Andrew Aydin

TOP 5 WEDNESDAY: Favourite Non-Written Novels

Top 5 Wednesday is a great feature created by GingerReadsLainey and hosted by ThoughtsonTomes. To find out more about Top 5 Wednesday and the upcoming topics, check out its Goodreads page. This week it’s all about your favourite non-traditional written books, so graphic novels, comics, manga, audiobooks and so on and so forth. So, this week I’m writing about my favourite graphic novels/trade paper backs (because I don’t live near a comic store so it’s easier to read the volumes) and by pure chance they are all from different publishers. In no particular order they are…

march-book-oneMarch by John Lewis, Andrew Aydin and Nate Powell
This graphic novel trilogy was pretty much the first thing I read this year and it’s my new favourite thing ever. It’s all about the Civil Rights Movement in America and it’s told through John Lewis’s eyes, what protests he was involved in, who he knew and all the hardships and successes. It is such a powerful and important graphic novel series, the sort of thing everyone should read.

 

 

fiveghosts vol1Five Ghosts by Frank J. Barbiere and Chris Mooneyham
Five Ghosts has a very Indiana Jones feel, especially as the main character is an archaeologist who searches for weird mystical artefacts. Oh, and he also happens to have a stone stuck in his chest that gives him the power of five different ghosts. The thing about Five Ghosts I really love is the art style, it’s like those old pulp fiction stories and it can be creepy and dynamic, especially when the ghosts make an appearance.

 

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READ THE WORLD – USA: March Trilogy by John Lewis, Andrew Aydin and Nate Powell

march-trilogy-john-lewisMarch is a graphic novel memoir trilogy about the American Civil Rights Movement told from the perspective of John Lewis, a civil rights leader then and now a US Congressman. It charters his early life, the Nashville sit-in movement, the fight for desegregation and actual voting rights and the Selma to Montgomery marches. It follows the successes and the failures and shows the behind the scenes moments of many big events you might have only seen photos of or read about in school.

March is an incredible graphic novel series. It’s bookended by President Obama’s inauguration on 20th January 2009 and has flashbacks to that day throughout the trilogy – it truly highlights how far the Civil Rights Movement has come, but also how much there’s left to improve. It’s something I wasn’t expecting but it was a really lovely touch.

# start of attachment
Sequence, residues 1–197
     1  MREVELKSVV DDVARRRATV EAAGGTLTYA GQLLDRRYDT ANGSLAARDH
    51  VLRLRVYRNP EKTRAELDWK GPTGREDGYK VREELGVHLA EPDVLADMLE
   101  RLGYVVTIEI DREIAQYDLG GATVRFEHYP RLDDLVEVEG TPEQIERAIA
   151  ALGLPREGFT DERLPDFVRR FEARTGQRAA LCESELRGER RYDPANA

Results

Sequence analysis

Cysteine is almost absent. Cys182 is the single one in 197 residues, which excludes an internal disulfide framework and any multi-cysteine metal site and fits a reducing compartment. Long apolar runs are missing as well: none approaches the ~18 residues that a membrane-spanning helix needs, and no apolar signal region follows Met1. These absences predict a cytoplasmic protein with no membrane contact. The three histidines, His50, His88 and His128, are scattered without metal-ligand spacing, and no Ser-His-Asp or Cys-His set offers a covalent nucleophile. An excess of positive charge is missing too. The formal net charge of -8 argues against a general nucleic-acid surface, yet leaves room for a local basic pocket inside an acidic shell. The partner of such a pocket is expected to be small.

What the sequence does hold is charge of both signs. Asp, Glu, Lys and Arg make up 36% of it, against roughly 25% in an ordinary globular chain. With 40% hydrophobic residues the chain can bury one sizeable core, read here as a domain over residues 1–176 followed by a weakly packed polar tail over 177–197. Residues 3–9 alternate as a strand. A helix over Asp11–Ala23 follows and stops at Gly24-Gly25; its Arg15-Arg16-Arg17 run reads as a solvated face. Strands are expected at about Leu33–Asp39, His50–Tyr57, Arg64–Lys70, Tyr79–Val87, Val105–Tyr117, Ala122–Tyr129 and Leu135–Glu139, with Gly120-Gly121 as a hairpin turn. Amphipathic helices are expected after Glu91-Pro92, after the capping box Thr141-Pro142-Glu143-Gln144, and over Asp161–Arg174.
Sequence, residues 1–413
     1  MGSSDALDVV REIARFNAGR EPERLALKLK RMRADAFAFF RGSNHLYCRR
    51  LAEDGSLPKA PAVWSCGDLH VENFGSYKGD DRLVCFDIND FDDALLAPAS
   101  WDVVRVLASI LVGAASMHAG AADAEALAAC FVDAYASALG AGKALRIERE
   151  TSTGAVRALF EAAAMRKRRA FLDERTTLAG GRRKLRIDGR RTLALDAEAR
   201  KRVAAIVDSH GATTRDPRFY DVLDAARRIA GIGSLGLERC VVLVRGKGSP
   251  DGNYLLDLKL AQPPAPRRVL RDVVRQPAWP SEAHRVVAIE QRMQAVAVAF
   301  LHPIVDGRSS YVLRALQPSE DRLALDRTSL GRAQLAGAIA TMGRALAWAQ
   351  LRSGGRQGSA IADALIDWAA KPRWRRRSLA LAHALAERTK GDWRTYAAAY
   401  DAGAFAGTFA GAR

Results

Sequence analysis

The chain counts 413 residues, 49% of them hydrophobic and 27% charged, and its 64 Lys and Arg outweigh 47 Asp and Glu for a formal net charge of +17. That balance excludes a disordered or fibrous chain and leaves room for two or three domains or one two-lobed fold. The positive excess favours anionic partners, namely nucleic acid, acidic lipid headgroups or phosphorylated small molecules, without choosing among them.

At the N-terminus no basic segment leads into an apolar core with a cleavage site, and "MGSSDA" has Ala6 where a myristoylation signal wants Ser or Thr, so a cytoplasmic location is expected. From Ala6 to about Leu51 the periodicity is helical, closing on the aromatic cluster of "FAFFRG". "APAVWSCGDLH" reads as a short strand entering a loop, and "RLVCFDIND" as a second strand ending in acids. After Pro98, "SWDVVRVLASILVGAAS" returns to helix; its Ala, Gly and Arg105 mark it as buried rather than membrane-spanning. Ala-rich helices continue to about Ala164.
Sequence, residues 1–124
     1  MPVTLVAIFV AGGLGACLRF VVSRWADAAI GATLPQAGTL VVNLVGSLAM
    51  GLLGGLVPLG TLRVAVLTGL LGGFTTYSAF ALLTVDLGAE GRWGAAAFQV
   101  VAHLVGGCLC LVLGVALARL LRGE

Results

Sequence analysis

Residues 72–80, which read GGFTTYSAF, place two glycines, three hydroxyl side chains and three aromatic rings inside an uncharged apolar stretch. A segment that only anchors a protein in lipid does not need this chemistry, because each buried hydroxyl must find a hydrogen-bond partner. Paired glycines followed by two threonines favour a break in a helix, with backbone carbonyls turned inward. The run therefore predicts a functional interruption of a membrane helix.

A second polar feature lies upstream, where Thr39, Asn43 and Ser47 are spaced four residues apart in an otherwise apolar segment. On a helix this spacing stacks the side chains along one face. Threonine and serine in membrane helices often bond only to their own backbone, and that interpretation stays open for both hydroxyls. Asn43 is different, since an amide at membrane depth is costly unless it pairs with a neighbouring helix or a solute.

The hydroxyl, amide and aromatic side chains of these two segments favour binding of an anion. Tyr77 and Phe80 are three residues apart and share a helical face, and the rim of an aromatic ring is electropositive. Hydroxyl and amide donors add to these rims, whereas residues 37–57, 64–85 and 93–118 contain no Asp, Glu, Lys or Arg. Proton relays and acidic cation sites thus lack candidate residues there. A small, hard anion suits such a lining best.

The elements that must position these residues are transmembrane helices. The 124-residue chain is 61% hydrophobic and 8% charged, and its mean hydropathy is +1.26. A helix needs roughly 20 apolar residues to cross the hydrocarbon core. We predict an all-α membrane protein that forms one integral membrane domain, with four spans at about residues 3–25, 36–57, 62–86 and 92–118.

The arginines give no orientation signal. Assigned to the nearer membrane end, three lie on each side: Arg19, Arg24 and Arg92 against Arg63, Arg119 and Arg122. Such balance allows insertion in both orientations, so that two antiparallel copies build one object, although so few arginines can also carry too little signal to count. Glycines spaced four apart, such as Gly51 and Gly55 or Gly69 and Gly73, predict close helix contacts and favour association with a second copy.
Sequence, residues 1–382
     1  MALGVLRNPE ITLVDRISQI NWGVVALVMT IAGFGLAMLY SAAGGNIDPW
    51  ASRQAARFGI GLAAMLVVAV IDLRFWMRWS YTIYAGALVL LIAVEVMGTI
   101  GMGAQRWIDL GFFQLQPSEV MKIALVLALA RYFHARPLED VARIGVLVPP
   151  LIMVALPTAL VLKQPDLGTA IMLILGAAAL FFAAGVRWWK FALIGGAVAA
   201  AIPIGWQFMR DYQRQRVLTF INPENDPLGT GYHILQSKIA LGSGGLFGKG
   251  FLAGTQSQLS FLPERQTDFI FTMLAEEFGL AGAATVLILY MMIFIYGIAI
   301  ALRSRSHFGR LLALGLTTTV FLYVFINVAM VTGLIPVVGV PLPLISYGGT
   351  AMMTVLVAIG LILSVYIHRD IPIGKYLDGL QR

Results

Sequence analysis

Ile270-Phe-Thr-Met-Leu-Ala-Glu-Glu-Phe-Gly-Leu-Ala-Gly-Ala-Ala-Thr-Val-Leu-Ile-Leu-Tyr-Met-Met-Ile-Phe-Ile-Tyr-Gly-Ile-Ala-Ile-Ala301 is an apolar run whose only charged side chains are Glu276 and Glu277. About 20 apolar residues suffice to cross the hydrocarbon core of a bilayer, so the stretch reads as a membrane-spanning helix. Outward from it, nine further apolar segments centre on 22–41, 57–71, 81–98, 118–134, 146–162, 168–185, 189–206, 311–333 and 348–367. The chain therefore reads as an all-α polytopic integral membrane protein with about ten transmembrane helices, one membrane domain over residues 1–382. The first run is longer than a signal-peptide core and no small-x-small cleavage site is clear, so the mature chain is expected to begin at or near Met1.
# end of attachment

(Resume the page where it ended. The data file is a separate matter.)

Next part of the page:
John Lewis tells his story and his experiences in the Civil Rights movement with a lot of honesty. He says what he thinks about people like Martin Luther King, Malcolm X, JFK, Robert Kennedy and Lyndon Johnson as well as many other people that may not be as well-known names. He says the good and the bad and doesn’t lie if he had opposing views to someone else, even if it was another of the “Big Six” Civil Rights Leaders. The thing that got me about Lewis was, he never seems to give up hope in people and that they have the capacity to change their views. He sees it happen and is nearly always positive that the protests he, and so many other people, are a part of will bring a better future. It’s truly admirable.

I found March tough to read some times. The first two books I read in the same day but the third one took me longer. I’d often get frustrated with how people were so blind and ignorant and what black people in America had to go through in the sixties so I’d have to put it down for a while before carrying on reading. Also, each book was longer than the one before it which probably contributed to how long it took me to read them. That being said, the series benefits when you read each book one after the other as they are all a part of a bigger and wider story.

The art in March is great because it’s all black and white which really helps add to the emotion of some of the situations, especially when there’s a single page or a double page of artwork. I think this memoir of the Civil Rights Movement works so well in graphic novel form because you can see people’s reactions to things or you can see someone get hit by the police and it makes it more real and tangible.

March is an important and brilliant read. The art works so well with the story and it’s the kind of story that everyone one can read, no matter their age. If you have an interest in African-American history, or just American history in general, then I highly recommend March5/5.